Say you run a new team. You have carte blanche to implement any policies you want to make the people more productive and the code less buggy. What do you do?
Careers have been built selling the answer. Take up pair programming! Switch to Haskell! Use UML for everything! These techniques get their own books and conferences. But are they worth the effort? How long till they take effect? Do they even work at all?
These questions are important, if not unique to software engineering. How do we tell whether something will solve our problems? We could talk to experts, but experts disagree. We could rely on our own experiences, but those are limited. (Nobody has tried and compared everything.) We could survey people, but “popular” is not the same as “correct.” (Almost half of Americans consider astrology a science.) So how do any of us really know what we know?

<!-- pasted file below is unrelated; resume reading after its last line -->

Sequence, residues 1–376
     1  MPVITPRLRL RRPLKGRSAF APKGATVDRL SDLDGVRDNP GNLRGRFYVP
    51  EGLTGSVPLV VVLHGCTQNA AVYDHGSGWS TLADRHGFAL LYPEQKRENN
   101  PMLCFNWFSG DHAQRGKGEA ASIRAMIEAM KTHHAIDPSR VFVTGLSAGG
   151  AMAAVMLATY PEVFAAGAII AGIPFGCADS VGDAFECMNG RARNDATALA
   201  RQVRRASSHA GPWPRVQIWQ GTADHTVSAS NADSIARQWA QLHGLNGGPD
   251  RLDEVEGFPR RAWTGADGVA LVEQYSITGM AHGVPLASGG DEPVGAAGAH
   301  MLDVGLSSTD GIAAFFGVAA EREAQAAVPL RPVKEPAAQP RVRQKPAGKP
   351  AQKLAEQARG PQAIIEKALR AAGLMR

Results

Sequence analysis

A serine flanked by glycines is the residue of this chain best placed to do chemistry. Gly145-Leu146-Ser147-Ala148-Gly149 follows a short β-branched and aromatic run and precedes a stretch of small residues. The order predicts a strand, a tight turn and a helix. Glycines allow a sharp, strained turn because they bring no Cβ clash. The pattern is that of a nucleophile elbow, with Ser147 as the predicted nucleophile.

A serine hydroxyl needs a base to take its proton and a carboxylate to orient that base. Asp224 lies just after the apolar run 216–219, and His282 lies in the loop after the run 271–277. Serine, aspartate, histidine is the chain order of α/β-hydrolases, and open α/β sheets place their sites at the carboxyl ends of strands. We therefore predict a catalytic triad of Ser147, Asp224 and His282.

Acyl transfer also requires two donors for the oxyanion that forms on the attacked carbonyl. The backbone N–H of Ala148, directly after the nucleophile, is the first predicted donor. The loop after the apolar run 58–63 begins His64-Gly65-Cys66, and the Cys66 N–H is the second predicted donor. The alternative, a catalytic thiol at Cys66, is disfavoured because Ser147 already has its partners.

Hopefully, as a field matures, scientific study and empirical research eventually replace folklore. Though we’re still in the early days of software engineering (compared to, say, mechanical engineering), few of the technical solutions we’ve studied impact software quality in a meaningful way. Static typing? One study, presented at FSE 2014, found no evidence that static typing is helpful—or harmful. Code standards and linters? Another paper, shared at ICSM 2008, found these can make things worse. Code review? Okay, now that, according to a 2016 article published in Empirical Software Engineering, actually works. But we can’t stake our team’s success on just “more code reviews.”